Saturday, August 15, 2009
Manny, recently released from prison, came for help in treating his cocaine addiction. His life was just a repeat of a familiar cycle of addiction and relapse. He sat in my office with his head in his hands and talked about his fifteen-year-old son whom he had little contact with since he was a young boy. Manny explained that if he had just one more dirty drug test that he would have to return to prison. He wanted desperately to be a father and to get to know his son. Manny never knew his own father who had a cocaine addiction and also called prison home. He knew all to well what life was like growing up without a father.
Although he was in an inpatient facility, specializing in drug addiction treatment, he was still using. His expression conveyed that he wanted so badly for me to save him from his certain fate, but mostly from himself. "Are you going to rat me out?" Manny asked bowing his head. "I don't even know why I told you, I guess I desperately need for someone to hear me and tell me how to change."
People like Manny who have cocaine addictions and who have spent time in intensive drug treatment programs some how cling to the very addiction that torments them daily, week after week, year after year. It is a pathetic dance, with two steps forward and 10 steps back. Many gave up saying they just didn't have the willpower to change.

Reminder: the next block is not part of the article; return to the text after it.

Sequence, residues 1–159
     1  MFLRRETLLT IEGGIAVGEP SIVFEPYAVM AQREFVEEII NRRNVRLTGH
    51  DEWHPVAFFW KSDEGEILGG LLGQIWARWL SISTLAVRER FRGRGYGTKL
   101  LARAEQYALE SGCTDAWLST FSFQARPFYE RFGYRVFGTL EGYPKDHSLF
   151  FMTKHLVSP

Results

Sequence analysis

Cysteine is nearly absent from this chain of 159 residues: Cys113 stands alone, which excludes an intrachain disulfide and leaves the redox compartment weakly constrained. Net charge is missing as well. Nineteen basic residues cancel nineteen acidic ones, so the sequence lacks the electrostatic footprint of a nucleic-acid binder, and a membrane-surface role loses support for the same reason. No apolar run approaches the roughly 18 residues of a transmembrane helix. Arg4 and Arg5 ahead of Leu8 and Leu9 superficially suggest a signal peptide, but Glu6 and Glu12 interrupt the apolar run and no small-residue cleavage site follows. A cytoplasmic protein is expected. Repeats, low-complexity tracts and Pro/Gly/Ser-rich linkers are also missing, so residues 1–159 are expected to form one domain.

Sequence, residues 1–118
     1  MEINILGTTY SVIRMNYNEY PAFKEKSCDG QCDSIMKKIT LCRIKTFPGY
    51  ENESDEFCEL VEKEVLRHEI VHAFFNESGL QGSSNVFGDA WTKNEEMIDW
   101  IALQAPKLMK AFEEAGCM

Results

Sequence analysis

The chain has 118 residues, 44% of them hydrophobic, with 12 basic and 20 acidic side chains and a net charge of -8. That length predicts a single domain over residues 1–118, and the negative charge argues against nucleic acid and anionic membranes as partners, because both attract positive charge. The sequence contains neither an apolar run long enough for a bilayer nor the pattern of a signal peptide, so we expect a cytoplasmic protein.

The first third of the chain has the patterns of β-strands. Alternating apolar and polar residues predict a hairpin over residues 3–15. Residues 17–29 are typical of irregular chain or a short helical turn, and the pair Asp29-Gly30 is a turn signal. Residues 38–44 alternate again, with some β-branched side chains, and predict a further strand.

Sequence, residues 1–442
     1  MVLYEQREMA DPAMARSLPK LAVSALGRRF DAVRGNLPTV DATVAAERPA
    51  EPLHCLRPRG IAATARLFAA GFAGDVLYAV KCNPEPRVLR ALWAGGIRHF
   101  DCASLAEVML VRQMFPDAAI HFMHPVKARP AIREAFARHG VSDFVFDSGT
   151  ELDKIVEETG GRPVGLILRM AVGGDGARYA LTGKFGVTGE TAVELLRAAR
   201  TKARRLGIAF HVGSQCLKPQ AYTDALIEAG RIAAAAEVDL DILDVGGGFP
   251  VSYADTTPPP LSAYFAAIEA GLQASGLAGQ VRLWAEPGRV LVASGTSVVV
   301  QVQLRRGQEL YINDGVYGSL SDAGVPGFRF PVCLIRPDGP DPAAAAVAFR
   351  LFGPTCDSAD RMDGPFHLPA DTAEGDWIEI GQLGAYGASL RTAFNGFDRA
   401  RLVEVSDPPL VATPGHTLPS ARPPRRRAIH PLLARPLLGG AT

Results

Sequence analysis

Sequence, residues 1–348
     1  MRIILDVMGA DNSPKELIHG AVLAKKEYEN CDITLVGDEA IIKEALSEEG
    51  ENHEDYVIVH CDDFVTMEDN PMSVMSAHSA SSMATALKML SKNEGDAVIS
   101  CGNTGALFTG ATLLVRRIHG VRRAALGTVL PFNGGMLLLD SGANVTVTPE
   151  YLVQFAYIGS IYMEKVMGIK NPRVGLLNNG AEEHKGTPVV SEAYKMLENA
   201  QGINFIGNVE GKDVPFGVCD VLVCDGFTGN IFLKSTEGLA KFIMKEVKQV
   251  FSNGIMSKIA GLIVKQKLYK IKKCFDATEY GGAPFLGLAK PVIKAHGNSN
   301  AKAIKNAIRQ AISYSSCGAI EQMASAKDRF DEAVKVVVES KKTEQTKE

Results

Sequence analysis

There are good drug addiction treatment facilities that are dedicated to help people like Manny on the road to recovery. Physical withdrawal is only part of the problem. Interventions typically occur on the conscious level and use education and willpower in preventing relapse. But somehow willpower just doesn't seem to cut it.
Many addictions are linked to social reinforcement. It appears that one of the common threads inherent in addictions is the yearning to be connected and a fear of abandoning the only life they know. Many people today are using hypnosis intervention to treat drug addiction, finding relief and satisfaction.
The use of hypnosis works on the subconscious level to analyze and renegotiate healthy alternatives to maladaptive habits and thinking errors of those lost in the grip of drug addictions. Often people who become addicts begin by self medicating the hurt inside, and to compensate for what they believe they can't handle. "Checking out" becomes the safety net of the ill advised and the disenfranchised.
In hypnosis people discover a potent inner resource that assists them in healing the wounds that keep them stuck. You might think of it as upgrading the software that runs your programing. By learning hypnosis people learn how to take back their power, their bodies and minds. They relax physically, mentally and experience deep relaxation of the nervous system. If you've tried drug addiction treatments in the past without success, hypnosis is a alternative way to achieve success.